Non-enveloped, round, T=1 icosahedral symmetry, 25 nm in diameter. The capsid consists of 60 copies of CP protein.
Linear, bipartite ssDNA genome of about 6 kb and 6.5 kb in size, with long inverted terminal repeats. Both segments (VD1 and VD2) are encapsidated separately. Equal amount of positive and negative strands are encapsidated, so that there are 4 different types of full particles.
The genomes are replicated through rolling-hairpin mechanism.
The virus code for an eukaryotic-type family B DNA polymerase. Segment VD2 codes for a structural protein in one sense and a non-structural protein at the other end on the complementary strand. Segment VD1 codes also for a structural protein in one sense and 3 non-structural proteins at the 5’-end of the complementary strand, and thus has also an ambisense organization.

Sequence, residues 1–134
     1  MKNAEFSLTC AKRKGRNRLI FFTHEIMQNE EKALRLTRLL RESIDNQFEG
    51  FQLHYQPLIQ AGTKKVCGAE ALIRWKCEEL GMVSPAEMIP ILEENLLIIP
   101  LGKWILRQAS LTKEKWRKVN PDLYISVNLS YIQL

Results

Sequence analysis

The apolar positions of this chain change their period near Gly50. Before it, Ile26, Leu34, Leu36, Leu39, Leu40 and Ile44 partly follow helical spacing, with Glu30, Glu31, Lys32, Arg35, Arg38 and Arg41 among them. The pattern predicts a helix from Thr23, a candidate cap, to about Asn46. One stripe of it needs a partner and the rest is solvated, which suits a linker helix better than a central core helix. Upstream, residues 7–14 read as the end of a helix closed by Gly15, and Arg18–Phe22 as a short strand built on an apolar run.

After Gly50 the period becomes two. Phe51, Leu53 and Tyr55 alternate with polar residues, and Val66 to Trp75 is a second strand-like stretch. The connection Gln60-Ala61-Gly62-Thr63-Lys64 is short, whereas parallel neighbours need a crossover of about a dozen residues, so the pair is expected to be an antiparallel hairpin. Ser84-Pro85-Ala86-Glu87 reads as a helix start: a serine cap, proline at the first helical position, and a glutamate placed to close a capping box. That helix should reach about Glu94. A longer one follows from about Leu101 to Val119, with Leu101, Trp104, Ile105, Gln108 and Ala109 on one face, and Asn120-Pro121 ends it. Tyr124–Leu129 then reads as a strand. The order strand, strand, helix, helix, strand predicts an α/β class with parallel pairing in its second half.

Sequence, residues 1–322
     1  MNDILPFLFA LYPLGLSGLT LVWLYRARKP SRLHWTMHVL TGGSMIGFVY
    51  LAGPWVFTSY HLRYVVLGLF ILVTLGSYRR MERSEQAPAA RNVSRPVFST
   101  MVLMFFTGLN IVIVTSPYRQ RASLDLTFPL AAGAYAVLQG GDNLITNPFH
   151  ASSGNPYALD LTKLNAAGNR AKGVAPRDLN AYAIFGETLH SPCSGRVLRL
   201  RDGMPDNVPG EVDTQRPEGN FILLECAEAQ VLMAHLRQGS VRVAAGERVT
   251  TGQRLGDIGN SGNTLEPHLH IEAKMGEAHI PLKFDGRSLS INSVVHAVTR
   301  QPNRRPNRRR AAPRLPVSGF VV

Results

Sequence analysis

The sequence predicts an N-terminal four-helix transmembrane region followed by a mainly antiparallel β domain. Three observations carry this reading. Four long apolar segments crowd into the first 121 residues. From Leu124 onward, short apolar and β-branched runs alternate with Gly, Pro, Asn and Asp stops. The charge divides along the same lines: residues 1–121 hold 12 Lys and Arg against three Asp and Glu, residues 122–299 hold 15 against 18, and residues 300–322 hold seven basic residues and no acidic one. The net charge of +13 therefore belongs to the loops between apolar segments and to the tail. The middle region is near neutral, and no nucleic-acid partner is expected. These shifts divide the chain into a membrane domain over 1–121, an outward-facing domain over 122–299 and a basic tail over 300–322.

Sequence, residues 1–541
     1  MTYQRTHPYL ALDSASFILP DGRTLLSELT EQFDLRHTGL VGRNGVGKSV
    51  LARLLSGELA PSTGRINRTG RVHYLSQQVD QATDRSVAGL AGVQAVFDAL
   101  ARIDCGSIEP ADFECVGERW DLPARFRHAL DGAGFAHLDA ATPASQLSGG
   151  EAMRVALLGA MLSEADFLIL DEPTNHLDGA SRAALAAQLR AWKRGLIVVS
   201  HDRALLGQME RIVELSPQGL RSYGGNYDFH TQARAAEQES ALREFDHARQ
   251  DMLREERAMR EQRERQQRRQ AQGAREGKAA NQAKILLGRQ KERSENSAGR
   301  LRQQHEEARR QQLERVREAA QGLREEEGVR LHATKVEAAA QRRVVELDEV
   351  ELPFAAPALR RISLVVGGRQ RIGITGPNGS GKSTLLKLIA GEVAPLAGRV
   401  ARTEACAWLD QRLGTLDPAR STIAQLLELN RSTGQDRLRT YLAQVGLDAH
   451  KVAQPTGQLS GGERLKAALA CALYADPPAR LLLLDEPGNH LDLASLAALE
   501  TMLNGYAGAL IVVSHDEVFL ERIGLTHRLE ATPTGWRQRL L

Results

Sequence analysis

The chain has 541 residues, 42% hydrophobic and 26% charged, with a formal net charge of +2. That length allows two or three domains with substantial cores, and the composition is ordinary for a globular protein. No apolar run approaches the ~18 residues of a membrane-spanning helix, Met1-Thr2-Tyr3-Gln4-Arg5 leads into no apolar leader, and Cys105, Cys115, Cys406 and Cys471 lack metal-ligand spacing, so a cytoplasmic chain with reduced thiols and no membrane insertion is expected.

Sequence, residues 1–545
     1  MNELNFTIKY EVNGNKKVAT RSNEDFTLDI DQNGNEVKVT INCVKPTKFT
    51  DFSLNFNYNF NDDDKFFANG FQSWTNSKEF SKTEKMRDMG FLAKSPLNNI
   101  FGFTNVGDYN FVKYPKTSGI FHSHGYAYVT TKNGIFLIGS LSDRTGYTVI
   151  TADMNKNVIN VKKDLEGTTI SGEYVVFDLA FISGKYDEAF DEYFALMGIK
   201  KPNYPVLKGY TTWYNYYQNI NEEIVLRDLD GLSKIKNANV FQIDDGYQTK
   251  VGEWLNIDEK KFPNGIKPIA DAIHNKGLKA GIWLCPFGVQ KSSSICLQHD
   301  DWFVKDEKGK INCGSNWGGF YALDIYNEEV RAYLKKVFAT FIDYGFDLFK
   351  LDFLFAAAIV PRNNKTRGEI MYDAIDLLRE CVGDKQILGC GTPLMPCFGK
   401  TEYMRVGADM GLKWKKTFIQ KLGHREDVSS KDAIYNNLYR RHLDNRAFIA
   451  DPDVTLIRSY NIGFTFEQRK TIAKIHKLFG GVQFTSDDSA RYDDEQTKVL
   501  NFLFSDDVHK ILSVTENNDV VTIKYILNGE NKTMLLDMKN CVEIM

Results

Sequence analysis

- Attachment to host receptors initiates clathrin-mediated endocytosis of the virion into the host cell.
- The virion penetrates into the cytoplasm via permeabilization of host endosomal membrane.
- Microtubular transport of the virion toward the nucleus.
- The viral ssDNA genome penetrates into the nucleus.
- The ssDNA is converted into dsDNA.
- dsDNA transcription gives rise to viral mRNAs when host cell enters S phase and translated to produce viral proteins.
- Replication occurs through rolling-hairpin mechanism, with NS1 endonuclease binding covalently to the 5’ genomic end.
- Individual ssDNA genomes are excised from replication concatemers by a process called junction resolution.
- These newly synthesized ssDNA can either
a) be converted to dsDNA and serve as a template for transcription/replication
b) be encapsidated by capsid protein and form virions released by cell lysis.